Nigeria has the most children unvaccinated and under-vaccinated against measles in the world, despite a global decline in deaths from the risky but preventable disease.
The UNICEF report also revealed that the number of reported measles cases increased by 300% in the first three months of 2019 compared to the same period in 2018. An estimated 110,000 people, majority children, died from measles in 2017, a 22 per cent increase from the year before.
Unicef said the rates reflected "lack of access, poor health systems, complacency, and in some cases fear or scepticism about vaccines". The World Health Organisation recommends a threshold of 95% immunisation coverage to achieve so-called "herd immunity" - but many richer nations are also now dipping below this level. Adults should be vaccinated with at least one dose of MMR vaccine, and those with higher risk, such as global travelers and health-care workers, should receive a second dose.
UNICEF stated that in low and middle-income countries, the situation is critical explaining that in 2017, almost 4 million children missed out of vaccination in Nigeria followed by India, 2.9 million, Pakistan and Indonesia 1.2 million each and Ethiopia 1.1 million. The US has the highest number of unvaccinated children - with 2,593,000 over the eight years.
In low- and middle-income countries, the situation is critical.
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In Nigeria, almost four million children under one year missed out on the first dose of the vaccine against measles in 2017 alone. For Pakistan and Indonesia, the figure was 1.2 million, and for Ethiopia, 1.1 million.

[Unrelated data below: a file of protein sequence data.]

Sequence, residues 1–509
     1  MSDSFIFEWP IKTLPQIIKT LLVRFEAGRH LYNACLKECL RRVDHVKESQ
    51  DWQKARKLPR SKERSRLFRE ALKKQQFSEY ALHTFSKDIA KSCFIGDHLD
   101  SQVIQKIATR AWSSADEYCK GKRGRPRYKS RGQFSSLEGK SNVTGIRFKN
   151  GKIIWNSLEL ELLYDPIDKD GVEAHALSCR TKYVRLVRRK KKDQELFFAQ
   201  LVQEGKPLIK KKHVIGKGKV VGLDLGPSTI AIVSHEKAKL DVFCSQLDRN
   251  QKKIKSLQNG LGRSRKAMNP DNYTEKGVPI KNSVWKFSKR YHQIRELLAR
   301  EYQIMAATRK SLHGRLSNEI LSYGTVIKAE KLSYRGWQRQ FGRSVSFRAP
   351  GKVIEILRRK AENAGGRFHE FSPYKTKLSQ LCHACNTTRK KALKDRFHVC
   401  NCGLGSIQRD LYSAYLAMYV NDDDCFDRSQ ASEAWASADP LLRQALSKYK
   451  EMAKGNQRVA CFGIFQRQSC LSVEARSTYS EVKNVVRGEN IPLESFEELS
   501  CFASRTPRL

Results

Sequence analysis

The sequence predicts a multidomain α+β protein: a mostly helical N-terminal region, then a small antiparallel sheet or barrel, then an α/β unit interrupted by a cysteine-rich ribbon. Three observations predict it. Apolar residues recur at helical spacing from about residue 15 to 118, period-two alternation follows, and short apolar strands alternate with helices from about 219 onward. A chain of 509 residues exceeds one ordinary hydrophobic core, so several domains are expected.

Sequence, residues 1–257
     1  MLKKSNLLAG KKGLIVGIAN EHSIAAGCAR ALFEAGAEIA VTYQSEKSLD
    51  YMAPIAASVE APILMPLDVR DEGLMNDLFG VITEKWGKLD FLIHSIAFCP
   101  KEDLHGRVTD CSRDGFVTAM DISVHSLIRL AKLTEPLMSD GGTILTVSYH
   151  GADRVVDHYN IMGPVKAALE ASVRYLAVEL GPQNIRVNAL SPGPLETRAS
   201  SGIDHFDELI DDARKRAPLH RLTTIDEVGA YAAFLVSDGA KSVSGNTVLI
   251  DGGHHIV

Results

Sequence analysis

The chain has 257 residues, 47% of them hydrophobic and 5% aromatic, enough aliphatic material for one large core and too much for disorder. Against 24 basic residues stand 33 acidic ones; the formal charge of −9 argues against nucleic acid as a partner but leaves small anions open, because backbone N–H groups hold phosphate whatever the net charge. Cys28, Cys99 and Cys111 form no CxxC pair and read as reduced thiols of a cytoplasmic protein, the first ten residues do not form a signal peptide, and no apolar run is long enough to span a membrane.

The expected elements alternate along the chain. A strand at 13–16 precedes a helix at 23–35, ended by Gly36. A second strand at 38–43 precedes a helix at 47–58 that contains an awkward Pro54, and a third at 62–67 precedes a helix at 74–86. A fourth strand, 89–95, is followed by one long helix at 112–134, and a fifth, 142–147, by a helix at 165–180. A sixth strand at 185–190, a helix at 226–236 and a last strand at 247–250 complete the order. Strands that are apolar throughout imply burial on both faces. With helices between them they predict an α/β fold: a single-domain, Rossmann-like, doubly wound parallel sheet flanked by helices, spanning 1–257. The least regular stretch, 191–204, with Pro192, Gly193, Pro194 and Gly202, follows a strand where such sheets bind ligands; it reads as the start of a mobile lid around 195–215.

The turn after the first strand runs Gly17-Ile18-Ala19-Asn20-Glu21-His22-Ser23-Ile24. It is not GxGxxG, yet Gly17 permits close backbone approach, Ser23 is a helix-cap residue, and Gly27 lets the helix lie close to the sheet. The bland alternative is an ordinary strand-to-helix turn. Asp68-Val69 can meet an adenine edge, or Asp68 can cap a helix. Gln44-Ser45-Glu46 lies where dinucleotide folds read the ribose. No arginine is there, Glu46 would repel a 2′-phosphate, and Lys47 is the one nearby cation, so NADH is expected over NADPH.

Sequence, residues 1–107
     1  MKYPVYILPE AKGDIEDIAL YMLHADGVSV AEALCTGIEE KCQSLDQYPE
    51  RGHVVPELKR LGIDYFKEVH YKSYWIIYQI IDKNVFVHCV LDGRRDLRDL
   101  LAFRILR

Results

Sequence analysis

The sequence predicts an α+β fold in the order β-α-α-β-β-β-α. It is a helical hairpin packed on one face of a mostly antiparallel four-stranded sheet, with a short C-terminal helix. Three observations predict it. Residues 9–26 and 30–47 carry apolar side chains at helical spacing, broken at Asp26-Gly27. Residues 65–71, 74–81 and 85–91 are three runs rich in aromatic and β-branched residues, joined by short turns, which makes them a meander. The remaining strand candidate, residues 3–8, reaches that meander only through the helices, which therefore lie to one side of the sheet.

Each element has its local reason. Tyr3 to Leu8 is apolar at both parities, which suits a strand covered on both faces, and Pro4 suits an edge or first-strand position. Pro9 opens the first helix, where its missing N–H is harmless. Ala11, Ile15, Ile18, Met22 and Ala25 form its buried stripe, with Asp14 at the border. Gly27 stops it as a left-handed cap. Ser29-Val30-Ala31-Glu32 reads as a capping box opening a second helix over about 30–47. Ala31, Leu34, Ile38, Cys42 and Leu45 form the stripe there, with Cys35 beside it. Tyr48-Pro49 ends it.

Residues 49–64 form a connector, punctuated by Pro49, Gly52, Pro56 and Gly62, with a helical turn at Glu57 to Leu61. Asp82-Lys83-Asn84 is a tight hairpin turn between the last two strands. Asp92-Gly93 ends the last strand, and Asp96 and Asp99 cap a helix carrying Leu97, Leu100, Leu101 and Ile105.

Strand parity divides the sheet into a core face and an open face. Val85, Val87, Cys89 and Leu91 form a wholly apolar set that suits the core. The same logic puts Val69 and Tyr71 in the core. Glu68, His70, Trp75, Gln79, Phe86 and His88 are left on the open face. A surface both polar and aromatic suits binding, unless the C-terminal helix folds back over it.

One of the most notorious figures in the anti-vax movement is Andrew Wakefield, a former British doctor who first raised doubts about the combined measles mumps and rubella (MMR) vaccine in the late 1990s.
The UK comes third in a global ranking showing the number of unvaccinated children in high-income countries. UNICEF is working with Cameroon, Liberia and Nigeria to implement the second dose in 2019.
Introducing innovations like the use of solar power and mobile technologies to maintain vaccines at the right temperature.
State Health Officer Dr. Scott Harris said, "If you suspect you were exposed, it is important for you to call your healthcare provider before being seen in his or her office, follow instructions for reporting, and practice social isolation if you develop any of the signs and symptoms of measles". The analysis is based on UNICEF and WHO's estimation of national immunisation coverage of 194 countries for 2017.
Health officials in Florida reported the first case in the state last month involving a man from Broward County.